Seychelles snail, thought extinct due to climate change, still alive
Nairobi, Kenya — A snail once thought to have been among the first species to go extinct because of climate change has reappeared in the wild.
The Aldabra banded snail, declared extinct seven years ago, was rediscovered on Aug. 23 in the Indian Ocean island nation of Seychelles. The mollusk, which is endemic to the Aldabra coral atoll — a UNESCO World Heritage Site — had not been seen on the islands since 1997, said the Seychelles Islands Foundation.
Conservationists are celebrating the banded snail’s re-emergence.
“Could we live without this little snail? Almost certainly,” said Stuart Pimm, a conservation ecology professor at Duke University. “But we simply do not know what species are going to do for us in an economic sense. Probably from the time that somebody baked the first loaf of bread, a housewife said, ‘I hate bread mold and I wish it would disappear forever.’ And of course we know the scientific name of bread mold is penicillin.”
A research team from the Seychelles Islands Foundation found seven of the purple-and-pink striped snails on Aldabra atoll’s Malabar Island last week. Shane Brice, a junior skipper on the voyage, made the initial discovery.
“I was so surprised; no one (on the expedition) had ever seen the snail before,” Brice said. “It’s quite amazing.”
Catherina Onezia, a senior ranger and assistant training officer for the foundation, said the team was “going crazy” with excitement over the finding.
“It shows that Aldabra has a lot of secrets still, and hopefully (we) will continue to find interesting things,” Onezia said.
Mollusk experts Vincent Florens and Pat Matyot confirmed the discovery after analyzing the discovery team’s photos. Florens, an associate professor of ecology at the University of Mauritius, told The Associated Press the Aldabra banded snail was “the only possible identification,” citing the snail’s distinctive shell pattern and locality.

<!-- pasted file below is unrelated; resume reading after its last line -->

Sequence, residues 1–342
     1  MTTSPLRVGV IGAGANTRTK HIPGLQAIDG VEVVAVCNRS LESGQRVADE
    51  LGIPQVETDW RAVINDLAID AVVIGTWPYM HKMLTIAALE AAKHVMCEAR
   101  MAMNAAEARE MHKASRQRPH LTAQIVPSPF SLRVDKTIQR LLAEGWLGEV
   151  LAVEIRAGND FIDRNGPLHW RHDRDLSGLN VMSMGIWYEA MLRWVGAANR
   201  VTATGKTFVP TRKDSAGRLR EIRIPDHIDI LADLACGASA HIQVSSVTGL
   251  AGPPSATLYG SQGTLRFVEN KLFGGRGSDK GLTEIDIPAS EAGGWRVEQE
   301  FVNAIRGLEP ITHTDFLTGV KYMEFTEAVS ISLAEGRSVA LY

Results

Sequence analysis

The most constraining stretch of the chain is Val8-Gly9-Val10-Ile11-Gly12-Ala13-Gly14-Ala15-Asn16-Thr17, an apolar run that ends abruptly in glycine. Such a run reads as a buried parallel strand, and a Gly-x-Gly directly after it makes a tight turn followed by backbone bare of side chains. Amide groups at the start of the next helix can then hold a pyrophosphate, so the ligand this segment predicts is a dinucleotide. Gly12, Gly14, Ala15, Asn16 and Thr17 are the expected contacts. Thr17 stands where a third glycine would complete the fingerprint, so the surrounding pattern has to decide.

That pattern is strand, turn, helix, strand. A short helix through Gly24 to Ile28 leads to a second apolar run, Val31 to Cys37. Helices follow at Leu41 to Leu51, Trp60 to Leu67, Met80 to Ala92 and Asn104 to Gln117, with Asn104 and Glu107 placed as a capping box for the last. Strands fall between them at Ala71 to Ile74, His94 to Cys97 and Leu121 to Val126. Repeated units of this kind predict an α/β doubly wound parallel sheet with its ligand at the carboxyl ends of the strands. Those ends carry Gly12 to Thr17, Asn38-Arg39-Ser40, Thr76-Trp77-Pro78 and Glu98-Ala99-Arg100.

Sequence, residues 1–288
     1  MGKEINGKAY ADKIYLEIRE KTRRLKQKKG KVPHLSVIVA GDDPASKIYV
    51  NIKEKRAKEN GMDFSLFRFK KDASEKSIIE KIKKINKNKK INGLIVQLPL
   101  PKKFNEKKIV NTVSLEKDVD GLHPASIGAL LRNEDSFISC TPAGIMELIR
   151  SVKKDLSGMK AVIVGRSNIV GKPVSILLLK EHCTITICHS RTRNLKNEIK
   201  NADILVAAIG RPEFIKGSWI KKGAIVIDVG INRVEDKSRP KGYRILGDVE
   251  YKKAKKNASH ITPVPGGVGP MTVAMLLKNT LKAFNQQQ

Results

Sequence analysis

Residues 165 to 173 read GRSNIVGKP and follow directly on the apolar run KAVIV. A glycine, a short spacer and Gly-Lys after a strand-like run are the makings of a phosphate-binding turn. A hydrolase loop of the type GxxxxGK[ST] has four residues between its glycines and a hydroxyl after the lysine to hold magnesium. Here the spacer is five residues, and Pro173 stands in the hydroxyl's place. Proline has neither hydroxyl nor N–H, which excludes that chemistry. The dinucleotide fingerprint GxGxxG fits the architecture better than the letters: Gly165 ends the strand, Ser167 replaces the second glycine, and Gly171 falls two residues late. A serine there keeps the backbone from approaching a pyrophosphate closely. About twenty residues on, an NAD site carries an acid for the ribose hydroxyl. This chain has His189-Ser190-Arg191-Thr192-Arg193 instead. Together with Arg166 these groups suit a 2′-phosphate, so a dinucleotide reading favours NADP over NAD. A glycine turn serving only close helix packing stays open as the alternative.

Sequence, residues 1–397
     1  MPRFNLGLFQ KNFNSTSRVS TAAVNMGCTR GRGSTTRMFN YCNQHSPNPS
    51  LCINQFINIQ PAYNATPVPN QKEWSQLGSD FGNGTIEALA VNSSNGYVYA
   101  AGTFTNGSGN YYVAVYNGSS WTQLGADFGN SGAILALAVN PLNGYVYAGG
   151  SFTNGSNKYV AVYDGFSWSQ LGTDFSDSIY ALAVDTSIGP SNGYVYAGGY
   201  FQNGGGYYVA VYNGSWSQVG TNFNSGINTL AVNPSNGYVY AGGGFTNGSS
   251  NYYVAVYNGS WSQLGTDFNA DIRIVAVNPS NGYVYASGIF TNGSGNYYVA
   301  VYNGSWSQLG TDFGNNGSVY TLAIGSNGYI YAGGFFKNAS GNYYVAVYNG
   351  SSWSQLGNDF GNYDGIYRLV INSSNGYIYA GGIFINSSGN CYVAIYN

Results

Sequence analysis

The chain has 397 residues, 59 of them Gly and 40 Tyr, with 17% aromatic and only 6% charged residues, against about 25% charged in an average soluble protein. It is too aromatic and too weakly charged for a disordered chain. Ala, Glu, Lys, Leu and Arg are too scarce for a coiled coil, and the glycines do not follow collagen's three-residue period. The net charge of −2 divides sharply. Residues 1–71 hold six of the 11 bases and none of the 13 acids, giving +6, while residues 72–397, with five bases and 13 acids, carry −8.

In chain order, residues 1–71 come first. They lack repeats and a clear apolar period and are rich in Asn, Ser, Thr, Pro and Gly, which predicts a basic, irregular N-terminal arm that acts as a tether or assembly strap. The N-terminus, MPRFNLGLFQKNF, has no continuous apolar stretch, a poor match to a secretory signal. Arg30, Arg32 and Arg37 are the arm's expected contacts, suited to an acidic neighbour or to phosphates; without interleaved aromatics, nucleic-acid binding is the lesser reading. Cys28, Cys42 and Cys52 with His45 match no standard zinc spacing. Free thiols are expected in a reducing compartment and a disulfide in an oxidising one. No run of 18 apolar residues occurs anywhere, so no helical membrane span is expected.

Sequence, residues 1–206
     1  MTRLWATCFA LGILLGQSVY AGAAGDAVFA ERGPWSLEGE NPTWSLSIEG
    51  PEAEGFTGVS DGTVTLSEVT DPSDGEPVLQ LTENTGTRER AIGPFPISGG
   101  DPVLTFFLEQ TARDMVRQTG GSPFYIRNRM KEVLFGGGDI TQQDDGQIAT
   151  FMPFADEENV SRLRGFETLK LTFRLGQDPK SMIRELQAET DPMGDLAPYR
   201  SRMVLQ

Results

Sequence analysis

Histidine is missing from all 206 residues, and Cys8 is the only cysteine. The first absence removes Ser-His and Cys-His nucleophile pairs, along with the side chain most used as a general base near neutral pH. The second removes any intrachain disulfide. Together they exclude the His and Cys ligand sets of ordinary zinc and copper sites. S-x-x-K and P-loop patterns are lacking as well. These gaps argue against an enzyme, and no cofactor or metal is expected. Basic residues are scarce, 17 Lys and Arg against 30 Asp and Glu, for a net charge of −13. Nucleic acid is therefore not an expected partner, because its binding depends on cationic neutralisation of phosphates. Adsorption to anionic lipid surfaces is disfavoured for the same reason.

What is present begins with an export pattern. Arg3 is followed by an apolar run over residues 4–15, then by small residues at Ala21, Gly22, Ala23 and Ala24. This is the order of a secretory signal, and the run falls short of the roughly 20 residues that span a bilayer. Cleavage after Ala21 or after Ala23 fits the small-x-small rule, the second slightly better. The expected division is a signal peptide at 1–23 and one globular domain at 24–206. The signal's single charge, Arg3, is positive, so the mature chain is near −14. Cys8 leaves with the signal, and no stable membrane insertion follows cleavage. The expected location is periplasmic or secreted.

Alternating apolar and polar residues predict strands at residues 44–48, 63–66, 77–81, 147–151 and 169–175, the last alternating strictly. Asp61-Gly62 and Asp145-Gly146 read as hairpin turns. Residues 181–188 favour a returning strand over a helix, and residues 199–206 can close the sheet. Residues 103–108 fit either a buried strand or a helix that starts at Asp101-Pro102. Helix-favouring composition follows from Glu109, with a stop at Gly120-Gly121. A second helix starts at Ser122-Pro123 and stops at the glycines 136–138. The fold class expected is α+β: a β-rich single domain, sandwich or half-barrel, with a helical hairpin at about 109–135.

The snail faces many pressures in Aldabra atoll. The coral islands grew atop an extinct volcano in the Indian Ocean. The isolated atoll, which also is home to the largest population of giant tortoises in the world, provides opportunities to study evolution and biodiversity. Conservationists are unsure how a terrestrial snail like the Aldabra banded snail initially reached these hot, dry islands surrounded by saltwater without drying out.
Onezia said her team will increase expedition efforts on Malabar Island to study the snails.
The snail’s apparent demise was linked to declining rainfall on Aldabra, and was widely considered to be among the first species whose extinction could be directly tied to global warming, said biologist Justin Gerlach, a scientific coordinator for the Nature Protection Trust of Seychelles.
The once-plentiful snail’s population declined exponentially between 1970 and 1990, and the last juvenile snail was found in 1976. The Seychelles Islands Foundation said the discovery of some juvenile snails is encouraging, as they are believed to be particularly vulnerable to desiccation because of reduced rainfall.
“Only time will tell if they can survive the threats of climate change and sea level rise,” Gerlach said.
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